Study finds 3 big risk factors for dementia (2024)

Diabetes, air pollution and alcohol consumption could be the biggest risk factors for dementia, a study has found.

Researchers compared modifiable risk factors for dementia — which is characterized by the impairment of memory, thinking and reasoning — and studied how these factors appear to affect certain brain regions that are already particularly vulnerable to Alzheimer’s disease and schizophrenia.

The research, based on brain scans of nearly 40,000 adults, between ages 44 and 82, in Britain was published Wednesday in Nature Communications.

These vulnerable regions of the brain develop during adolescence and help the brain process and integrate “bits of information across different modalities, across different senses,” said Gwenaëlle Douaud, an associate professor at the University of Oxford and co-author of the study. But “they’re the first ones to go when we start aging.”


“What we’re trying to do is say: What are the common risk factors for dementia that are affecting these regions?” Douaud said. “These are the three most harmful but then, obviously, the others, they have an effect.”

The facts

  • Researchers investigated the genetic and modifiable risk factors that contribute to the vulnerability of the “most fragile parts of the brain” by studying the brain scans of nearly 40,000 relatively healthy participants from the U.K. Biobank.
  • The study examined 161 modifiable risk factors, including blood pressure, cholesterol, diabetes, weight, alcohol consumption, smoking, mood, inflammation, pollution, hearing, sleep, socialization, diet, physical activity and education.
  • A diagnosis of diabetes, the amount of nitrogen dioxide in the air and how often someone drinks alcohol — from never to daily, or nearly every day — were found to be the three most detrimental risk factors to these regions of the brain, Douaud said.
  • Diabetes, air pollution and alcohol consumption each has an effect that is about twice as much as the other leading risk factors, Douaud said. The next major risk factors are sleep, weight, smoking and blood pressure.
  • Researchers identified seven genetic clusters that affect these vulnerable parts of the brain, some of which are also associated with Parkinson’s and Alzheimer’s diseases. Douaud said the genetic and modifiable risk factors are not comparable.


More than 55 million people live with dementia around the world, and that figure is expected to increase to 153 million by 2050, according to the World Health Organization.

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Dementia is the loss of cognitive function, and symptoms result from brain neurons losing their connection to other brain cells and eventually dying, according to the National Institute on Aging. Everyone loses neurons over time, but the loss is more significant in dementia patients.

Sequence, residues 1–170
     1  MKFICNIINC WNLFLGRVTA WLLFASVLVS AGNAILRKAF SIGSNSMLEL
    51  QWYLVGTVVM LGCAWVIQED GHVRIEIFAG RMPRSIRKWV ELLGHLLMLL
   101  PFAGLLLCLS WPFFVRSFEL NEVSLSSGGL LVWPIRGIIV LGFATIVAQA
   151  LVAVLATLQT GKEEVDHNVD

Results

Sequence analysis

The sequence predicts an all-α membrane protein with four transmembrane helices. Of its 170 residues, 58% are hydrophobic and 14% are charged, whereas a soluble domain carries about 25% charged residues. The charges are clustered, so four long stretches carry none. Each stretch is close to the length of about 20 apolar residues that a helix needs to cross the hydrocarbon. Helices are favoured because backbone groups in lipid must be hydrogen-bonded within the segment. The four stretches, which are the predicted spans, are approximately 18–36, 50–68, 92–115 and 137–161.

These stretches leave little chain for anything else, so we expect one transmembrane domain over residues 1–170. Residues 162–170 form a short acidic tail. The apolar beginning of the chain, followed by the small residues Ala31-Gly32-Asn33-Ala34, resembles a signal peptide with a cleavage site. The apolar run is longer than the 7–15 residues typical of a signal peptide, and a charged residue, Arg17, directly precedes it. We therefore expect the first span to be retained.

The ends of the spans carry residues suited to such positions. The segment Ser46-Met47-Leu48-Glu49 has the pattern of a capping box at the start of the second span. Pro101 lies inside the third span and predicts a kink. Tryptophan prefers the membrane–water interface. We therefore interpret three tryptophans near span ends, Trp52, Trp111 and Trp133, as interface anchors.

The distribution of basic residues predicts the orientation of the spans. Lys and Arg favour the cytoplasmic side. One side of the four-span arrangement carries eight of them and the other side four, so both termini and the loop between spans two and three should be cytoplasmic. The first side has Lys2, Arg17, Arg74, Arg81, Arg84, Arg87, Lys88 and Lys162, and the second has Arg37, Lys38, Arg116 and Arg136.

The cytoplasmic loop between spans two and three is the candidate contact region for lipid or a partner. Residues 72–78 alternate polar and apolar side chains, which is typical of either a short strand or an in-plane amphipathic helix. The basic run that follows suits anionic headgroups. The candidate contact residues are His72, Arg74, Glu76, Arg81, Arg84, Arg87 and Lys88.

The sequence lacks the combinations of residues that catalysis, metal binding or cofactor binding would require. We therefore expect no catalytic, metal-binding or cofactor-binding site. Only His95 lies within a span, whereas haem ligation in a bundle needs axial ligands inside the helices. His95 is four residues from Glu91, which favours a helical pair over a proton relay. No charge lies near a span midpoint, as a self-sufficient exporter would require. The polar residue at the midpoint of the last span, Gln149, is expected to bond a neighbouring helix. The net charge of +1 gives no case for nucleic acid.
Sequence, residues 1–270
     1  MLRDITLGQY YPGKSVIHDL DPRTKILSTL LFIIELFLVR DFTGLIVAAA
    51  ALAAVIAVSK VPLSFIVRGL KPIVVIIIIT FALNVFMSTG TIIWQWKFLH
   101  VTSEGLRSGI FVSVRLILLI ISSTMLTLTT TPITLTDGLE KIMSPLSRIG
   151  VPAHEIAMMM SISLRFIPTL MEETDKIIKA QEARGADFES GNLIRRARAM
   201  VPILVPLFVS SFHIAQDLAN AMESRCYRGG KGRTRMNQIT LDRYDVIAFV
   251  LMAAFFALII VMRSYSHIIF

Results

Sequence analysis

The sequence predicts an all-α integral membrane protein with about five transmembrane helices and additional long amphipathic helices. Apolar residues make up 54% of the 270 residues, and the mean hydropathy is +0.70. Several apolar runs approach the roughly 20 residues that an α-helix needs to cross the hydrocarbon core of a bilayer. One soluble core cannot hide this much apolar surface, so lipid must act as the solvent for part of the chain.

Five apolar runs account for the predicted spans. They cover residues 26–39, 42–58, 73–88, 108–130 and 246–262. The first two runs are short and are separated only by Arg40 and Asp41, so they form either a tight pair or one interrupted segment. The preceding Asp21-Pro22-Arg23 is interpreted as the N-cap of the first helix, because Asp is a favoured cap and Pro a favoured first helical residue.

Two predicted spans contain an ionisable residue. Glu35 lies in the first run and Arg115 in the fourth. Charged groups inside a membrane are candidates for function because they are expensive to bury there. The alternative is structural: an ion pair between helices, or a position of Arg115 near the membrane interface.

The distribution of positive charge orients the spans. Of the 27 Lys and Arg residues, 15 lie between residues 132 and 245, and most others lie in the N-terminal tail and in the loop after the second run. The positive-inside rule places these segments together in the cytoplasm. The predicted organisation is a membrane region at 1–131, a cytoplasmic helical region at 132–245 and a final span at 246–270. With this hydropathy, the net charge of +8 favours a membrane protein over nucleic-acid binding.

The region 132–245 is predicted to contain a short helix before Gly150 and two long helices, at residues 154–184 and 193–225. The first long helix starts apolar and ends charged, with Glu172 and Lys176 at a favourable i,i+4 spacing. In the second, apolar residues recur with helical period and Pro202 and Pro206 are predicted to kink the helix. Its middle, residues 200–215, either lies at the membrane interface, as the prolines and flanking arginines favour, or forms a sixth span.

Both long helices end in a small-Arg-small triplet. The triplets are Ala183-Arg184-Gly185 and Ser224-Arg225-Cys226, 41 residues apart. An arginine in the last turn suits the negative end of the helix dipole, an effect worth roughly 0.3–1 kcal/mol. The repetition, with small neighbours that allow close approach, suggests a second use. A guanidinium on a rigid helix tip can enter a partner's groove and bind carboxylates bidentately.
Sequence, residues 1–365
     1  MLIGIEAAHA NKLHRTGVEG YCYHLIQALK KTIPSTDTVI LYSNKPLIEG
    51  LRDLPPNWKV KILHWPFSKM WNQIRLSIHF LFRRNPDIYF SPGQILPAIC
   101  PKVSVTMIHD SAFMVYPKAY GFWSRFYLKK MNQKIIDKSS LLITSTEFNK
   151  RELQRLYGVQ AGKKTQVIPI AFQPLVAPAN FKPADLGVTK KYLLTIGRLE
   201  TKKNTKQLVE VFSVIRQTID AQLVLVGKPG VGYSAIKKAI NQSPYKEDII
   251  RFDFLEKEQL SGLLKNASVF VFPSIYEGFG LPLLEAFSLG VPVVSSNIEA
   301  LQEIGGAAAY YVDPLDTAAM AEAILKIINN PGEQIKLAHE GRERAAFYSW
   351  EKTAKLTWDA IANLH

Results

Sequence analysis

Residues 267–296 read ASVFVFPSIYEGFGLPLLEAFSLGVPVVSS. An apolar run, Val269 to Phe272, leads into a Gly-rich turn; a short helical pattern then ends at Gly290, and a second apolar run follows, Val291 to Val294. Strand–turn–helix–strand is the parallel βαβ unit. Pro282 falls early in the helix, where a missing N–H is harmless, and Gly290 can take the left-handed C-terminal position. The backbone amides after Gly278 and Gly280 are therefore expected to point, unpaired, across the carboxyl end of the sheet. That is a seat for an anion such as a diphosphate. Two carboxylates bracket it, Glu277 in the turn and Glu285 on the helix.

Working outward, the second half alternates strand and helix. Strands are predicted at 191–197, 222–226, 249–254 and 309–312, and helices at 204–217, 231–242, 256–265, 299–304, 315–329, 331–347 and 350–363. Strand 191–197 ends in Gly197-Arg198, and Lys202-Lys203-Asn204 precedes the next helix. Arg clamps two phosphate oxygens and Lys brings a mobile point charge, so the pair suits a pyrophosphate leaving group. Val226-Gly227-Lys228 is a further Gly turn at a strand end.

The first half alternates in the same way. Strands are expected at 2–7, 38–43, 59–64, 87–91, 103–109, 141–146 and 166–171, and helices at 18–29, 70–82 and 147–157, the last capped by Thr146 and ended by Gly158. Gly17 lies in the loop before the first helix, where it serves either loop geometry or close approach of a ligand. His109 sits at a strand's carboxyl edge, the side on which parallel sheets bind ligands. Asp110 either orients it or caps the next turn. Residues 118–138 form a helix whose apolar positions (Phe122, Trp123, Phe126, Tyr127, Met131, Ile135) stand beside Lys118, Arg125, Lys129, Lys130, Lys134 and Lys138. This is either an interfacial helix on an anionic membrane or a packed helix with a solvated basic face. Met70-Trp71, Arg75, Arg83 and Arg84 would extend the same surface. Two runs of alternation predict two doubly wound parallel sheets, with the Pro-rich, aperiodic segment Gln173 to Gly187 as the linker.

Diabetes and alcohol consumption “have been consistently shown to be associated with both cerebral and cognitive decline,” the researchers wrote in the Nature Communications study. And there is growing evidence that exposure to air pollution is a risk factor for cognitive decline and dementia.


A 2020 Lancet report on dementia found that a dozen modifiable risk factors such as hypertension, hearing impairment, smoking and obesity together account for up to 40 percent of dementia cases worldwide.

A person’s age, genes, family history, a traumatic brain injury or a stroke also are potential risk factors.

What other experts say

Gill Livingston, a professor of psychiatry of older people at University College London and the lead author of the 2020 Lancet report, said that the new study was “very interesting” but that the participants in the U.K. Biobank are a “much healthier” and highly motivated group. The findings may not be applicable to a broader population.

Still, they show that people can make decisions to reduce their risk of cognitive decline as they age, Livingston said.

“There’s quite a lot people can do in their everyday life to maintain cognitive health,” she said. “This just reinforces it.”

What you can do about it

Try to eat a healthy, varied diet to help lower your blood sugar, take measures to protect against “traffic-related pollution” and drink alcohol in moderation, Douaud said in an email.


“Of course, some of these should not only be down to individuals, and the burden should also be shared with (local) governments devising helpful policies,” she said.

Livingston said social and physical activity — talking with friends and exercising — “make a huge difference.” And stimulating experiences, walking outside, “seeing different things” can be beneficial, she said.

Hearing loss, which is more likely as a person ages, can take away opportunities for conversations that lead to “rapid brain stimulation,” Livingston said.

“And if you smoke, stop,” she said.

Marlene Cimons contributed to this report.

Study finds 3 big risk factors for dementia (2024)


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